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N.y. Tv Station 'Toots Horn' : Pbs Producer Issues Bullish Report

January 03, 1986|CLARKE TAYLOR

NEW YORK — WNET-TV, a primary producer of programming for public television, has issued a year-end report that rates the station's health as excellent and promises that "the best is yet to come."

However, the report strongly suggests that the continued good health of the station--and, by extension, public television in general--depends on what the nonprofit system traditionally has lacked--investment capital.

"We are tooting our own horn, but we are also trying to send a signal that all of us in public television have to start thinking differently about ourselves. . . . We have got to start thinking in a business sense," WNET President John Jay Iselin said in a recent interview to discuss the report and future plans for the station.

"We have come to the end of state support, and now we have to start supporting ourselves," he continued. "Over the last decade, even support from PBS and CPB (the Corporation for Public Broadcasting) has amounted to a trickle."

WNET produces approximately 35% of the prime-time programming regularly seen on the country's 300 public television stations. This includes "Great Performances," "Live from Lincoln Center," "Nature," "Adam Smith's Money World" and, as a co-producer, such programs as "American Playhouse" and "The MacNeil Lehrer NewsHour." In addition, the station has produced recent major public television series such as "Heritage: Civilization and the Jews," "The Brain" and "The Constitution: That Delicate Balance."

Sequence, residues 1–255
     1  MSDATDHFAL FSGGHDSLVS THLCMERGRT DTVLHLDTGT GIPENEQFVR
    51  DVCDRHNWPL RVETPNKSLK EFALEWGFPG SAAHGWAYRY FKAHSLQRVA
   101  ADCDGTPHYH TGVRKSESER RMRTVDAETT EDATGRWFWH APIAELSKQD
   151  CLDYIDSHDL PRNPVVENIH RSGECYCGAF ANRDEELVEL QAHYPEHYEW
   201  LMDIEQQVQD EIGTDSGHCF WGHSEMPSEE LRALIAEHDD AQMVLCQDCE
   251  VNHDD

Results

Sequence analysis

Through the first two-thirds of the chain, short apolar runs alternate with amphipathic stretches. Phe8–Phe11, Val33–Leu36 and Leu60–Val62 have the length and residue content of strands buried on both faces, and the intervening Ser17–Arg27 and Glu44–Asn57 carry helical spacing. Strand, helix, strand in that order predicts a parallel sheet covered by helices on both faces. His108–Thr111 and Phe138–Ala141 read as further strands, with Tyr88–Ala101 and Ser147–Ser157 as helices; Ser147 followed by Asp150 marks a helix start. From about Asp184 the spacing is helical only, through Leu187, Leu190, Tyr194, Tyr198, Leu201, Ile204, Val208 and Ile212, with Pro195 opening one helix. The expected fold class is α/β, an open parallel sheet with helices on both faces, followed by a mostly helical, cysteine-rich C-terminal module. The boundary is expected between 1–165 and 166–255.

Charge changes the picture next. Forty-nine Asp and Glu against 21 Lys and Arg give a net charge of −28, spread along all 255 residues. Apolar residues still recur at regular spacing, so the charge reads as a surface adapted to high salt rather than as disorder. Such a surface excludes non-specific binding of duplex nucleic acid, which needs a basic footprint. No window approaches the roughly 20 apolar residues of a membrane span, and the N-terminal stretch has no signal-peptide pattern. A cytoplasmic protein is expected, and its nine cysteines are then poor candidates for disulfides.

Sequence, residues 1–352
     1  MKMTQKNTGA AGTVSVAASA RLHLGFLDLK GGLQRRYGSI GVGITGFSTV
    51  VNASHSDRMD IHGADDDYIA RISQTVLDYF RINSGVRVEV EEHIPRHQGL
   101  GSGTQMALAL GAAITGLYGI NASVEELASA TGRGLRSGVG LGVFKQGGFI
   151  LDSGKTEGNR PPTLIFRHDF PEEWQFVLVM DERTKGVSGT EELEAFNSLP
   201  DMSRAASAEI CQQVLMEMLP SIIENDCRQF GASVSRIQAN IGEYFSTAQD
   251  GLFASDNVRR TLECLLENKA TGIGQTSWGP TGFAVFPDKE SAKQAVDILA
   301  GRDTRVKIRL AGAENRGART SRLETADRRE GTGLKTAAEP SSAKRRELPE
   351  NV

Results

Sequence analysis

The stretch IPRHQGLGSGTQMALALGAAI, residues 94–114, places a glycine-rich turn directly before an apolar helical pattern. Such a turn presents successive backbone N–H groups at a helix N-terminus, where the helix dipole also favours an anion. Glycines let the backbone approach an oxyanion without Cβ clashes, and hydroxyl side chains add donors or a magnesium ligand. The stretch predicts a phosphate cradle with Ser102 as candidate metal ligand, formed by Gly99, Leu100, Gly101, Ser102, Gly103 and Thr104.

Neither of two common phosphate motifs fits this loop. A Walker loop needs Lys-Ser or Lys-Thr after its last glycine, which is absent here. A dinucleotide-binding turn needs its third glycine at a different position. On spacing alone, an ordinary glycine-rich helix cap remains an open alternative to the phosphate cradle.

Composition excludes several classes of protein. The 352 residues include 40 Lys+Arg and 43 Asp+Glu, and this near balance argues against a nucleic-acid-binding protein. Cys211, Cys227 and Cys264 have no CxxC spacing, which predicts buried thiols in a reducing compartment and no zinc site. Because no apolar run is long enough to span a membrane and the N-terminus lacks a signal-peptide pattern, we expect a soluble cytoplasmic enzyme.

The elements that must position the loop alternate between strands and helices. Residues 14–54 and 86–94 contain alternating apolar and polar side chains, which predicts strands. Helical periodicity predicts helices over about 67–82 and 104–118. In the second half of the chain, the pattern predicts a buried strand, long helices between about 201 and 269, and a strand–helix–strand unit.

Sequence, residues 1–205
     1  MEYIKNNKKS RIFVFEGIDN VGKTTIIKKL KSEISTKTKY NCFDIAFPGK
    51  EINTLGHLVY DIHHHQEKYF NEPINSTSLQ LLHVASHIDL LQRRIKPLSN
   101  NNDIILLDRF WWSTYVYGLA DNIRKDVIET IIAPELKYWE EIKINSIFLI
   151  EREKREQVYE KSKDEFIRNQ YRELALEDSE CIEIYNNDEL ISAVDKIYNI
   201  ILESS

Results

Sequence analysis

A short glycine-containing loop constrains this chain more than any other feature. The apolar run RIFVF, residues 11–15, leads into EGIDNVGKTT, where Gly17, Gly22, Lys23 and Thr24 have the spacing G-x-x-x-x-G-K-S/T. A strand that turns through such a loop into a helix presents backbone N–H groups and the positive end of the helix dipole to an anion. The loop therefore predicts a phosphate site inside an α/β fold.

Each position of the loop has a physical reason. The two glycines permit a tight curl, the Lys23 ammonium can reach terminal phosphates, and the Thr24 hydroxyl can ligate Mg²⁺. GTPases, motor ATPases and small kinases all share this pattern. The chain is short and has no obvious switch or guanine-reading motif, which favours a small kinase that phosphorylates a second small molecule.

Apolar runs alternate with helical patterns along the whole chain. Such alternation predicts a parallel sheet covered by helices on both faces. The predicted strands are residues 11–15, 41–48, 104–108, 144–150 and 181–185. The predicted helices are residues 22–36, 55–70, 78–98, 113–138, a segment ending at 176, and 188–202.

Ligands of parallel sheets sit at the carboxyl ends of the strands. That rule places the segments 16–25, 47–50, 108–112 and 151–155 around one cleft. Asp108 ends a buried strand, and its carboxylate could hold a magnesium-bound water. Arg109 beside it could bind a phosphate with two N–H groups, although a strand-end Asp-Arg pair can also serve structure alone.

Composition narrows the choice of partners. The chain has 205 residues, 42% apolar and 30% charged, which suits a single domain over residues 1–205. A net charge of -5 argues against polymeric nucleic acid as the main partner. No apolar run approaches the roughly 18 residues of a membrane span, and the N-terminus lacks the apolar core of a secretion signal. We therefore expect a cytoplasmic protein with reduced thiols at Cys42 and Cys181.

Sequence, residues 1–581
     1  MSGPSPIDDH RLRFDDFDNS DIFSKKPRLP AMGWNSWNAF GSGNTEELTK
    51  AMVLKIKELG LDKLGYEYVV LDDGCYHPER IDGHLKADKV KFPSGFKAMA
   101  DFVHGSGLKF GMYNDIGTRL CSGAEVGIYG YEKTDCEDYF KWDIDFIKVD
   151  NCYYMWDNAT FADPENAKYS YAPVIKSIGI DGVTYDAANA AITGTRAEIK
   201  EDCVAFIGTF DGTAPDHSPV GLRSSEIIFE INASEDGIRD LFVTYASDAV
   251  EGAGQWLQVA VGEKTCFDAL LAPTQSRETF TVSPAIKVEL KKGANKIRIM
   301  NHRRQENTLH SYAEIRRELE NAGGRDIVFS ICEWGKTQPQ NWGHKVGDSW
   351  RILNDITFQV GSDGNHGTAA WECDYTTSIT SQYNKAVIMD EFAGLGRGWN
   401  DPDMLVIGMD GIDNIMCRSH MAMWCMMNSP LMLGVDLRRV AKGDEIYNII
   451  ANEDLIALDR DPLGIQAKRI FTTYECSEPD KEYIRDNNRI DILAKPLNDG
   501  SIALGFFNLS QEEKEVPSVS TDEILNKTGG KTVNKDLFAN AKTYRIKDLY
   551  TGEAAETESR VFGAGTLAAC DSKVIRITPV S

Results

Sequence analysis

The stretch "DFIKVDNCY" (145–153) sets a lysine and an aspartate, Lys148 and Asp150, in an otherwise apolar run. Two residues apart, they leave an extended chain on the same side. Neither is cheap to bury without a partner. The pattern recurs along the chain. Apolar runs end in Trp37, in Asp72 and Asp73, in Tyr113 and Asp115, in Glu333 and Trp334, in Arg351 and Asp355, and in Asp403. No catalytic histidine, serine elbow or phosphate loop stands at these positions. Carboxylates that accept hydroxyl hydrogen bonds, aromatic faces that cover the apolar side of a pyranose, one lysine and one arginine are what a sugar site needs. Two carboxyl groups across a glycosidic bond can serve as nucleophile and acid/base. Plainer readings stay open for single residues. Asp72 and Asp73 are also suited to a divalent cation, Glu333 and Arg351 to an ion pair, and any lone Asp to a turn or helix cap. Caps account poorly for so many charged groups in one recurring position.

It was the development of such special series that several years ago seriously jeopardized WNET and other major producing stations, including KCET in Los Angeles, resulting in major cutbacks and a re-evaluation of the stations' future producing capabilities.

However, according to the report just issued, WNET has fully recovered, with a $2.3-million excess of revenues over the $100 million 1984-85 budget. The report credits streamlined "operating systems" and "entrepreneurship" for the recovery.

"The big question that peers out from the (annual) report," Iselin said, is "how are we going to pay for the kind of programs we want to provide?"

The New York station already has embarked on strategies aimed at marketing (of videocassettes), co-production (with other U.S. and foreign television producers), and investment (in theatrical films made for "American Playhouse").

But Iselin insisted that the only adequate, "plausible business plan" is "a funding plan for tomorrow" aimed at establishing capital funds.

Iselin said that the station plans to embark on a five-year campaign to raise $50 million in capital--$25 million for production and $25 million for advanced technology. He said the first funds toward the goal are expected to come from fund raising now under way to match a $1-million grant made to WNET by the National Endowment for the Arts last year.

"It may seem arrogant, or crazy, but in terms of the programming we are producing and the standards we want to maintain, this is what we in public television have got to do," Iselin said.

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